Jonathan Leshnoff: Guitar Concerto

Tonight’s (1/9/14) premiere of Jonathan Leshnoff’s concerto for guitar by the Baltimore Symphony Orchestra marks the composer’s seventh commissioned concerto, and second commissioned work by the Baltimore Symphony. It should be no surprise, then, that Leshnoff is well-versed in his approach to the compositional demands of concerto-writing, with its incumbent formal and timbral balancing acts.

Composer Jonathan Leshnoff Photo by Katya Chilingiri

Composer Jonathan Leshnoff
Photo by Katya Chilingiri

The concerto features the world-renowned guitarist Manuel Barrueco, who deftly and expressively navigates the variety of textures summoned by Leshnoff. Conductor Marin Alsop, long-time champion of new (and, particularly, American) music, spoke after yesterday’s rehearsal regarding the instrument: “To me, the guitar is about inference and implication;” as an instrument that is timbrally introverted, and with a rapid decay, guitarists (to perhaps a greater degree than pianists) must create the illusion of a sustained melodic line. Though Barrueco is subtly miked, it is Leshnoff’s attention to textural and orchestrational detail that allows the guitar to sing. Passagework is balanced against lyricism, full-bodied chords against arppegiated accompaniment. Evocative textures undergird the guitar’s sonorities: subtle jeté bowings, muted trumpets, and tender countermelodies in the woodwinds create a supportive, but never overwhelming, sonic environment through which the guitar can shine.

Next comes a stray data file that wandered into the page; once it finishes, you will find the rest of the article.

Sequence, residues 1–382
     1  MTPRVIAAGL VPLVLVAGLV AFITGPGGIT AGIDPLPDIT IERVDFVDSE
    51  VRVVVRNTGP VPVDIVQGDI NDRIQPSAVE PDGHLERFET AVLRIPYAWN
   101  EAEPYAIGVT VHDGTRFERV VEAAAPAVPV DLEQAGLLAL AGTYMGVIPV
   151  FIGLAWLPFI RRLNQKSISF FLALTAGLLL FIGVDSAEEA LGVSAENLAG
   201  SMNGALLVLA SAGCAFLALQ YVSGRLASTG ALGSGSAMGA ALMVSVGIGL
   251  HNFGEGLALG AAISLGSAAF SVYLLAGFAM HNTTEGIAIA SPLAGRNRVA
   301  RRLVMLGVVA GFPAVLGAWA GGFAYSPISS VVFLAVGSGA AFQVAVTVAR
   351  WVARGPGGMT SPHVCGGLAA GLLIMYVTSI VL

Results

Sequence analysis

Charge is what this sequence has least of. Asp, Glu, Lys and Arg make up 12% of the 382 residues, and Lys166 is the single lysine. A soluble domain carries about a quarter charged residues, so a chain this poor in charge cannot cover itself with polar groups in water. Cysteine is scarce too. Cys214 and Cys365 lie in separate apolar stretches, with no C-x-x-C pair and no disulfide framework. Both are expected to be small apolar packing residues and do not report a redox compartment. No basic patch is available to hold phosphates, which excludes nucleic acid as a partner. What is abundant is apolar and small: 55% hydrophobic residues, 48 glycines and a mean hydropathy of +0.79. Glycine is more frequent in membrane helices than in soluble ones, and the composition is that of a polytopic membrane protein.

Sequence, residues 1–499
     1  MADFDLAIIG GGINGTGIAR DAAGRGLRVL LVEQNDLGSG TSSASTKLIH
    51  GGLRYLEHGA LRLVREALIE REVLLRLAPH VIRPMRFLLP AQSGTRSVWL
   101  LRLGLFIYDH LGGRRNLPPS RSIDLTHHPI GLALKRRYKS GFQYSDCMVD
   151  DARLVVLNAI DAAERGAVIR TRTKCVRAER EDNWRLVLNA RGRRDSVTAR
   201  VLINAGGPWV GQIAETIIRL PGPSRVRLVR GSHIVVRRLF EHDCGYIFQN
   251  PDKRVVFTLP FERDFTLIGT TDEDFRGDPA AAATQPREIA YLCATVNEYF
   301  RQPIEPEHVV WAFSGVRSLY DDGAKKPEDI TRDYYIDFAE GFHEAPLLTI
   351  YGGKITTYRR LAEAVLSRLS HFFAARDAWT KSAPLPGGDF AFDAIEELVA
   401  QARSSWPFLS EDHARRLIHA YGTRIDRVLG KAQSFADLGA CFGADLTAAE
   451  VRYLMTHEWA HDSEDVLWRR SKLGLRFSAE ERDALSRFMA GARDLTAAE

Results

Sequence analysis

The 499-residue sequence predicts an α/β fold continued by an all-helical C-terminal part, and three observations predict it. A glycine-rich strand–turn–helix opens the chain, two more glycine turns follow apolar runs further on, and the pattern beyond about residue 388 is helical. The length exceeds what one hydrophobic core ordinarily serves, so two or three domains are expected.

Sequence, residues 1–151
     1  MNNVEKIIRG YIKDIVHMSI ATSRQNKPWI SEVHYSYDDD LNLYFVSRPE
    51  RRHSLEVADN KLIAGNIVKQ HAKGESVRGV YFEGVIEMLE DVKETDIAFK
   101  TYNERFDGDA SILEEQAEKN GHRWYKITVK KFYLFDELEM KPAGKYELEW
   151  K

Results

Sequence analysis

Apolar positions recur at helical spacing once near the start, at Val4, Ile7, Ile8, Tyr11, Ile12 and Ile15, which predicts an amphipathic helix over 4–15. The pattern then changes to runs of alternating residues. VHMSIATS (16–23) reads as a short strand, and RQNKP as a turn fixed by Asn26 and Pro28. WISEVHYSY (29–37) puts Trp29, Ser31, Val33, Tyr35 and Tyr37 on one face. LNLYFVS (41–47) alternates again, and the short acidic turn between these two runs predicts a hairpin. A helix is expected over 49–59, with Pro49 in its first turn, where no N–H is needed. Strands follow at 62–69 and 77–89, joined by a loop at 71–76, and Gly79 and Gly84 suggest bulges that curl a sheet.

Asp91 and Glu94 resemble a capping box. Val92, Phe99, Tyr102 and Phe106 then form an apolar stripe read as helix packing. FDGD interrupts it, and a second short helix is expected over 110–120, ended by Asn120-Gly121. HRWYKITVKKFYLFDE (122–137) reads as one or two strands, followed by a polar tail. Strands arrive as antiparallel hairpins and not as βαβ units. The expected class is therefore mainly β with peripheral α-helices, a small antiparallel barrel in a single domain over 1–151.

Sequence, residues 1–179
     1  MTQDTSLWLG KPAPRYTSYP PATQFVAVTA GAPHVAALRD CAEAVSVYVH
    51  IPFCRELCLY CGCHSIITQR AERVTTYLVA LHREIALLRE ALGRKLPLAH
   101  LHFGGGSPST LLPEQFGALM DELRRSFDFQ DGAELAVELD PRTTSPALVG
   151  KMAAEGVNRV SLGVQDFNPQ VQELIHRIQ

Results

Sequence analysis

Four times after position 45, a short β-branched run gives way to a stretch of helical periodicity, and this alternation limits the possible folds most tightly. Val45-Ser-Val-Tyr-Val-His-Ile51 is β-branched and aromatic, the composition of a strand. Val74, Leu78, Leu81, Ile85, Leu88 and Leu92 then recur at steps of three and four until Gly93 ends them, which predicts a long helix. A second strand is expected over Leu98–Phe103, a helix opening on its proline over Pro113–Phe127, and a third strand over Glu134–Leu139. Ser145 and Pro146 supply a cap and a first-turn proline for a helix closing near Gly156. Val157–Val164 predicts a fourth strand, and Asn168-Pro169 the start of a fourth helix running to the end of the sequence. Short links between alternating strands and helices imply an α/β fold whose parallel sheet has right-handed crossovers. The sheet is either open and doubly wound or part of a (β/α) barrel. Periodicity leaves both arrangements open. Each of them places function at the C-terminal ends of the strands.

Leshnoff utilizes the traditional three-movement, fast-slow-fast structure, to draw attention to the meditative middle movement, which is based upon tenets of Jewish mysticism. Speaking after the rehearsal, Leshnoff emphasized that he hoped that this music would serve to focus the minds of listeners on the moment at hand, leaving behind the headiness of the outside world, ultimately evoking “humility and hope” and “the essence of the guitar…it’s about pausing our busy lives.”

You can pause your busy life to take in Leshnoff’s lush and fulfilling music, joined by Barber’s Adagio for Strings and Dvorák’s Symphony no. 9, tonight and Sunday at the Meyerhoff, and Friday night at Strathmore. Tickets are available at <>.



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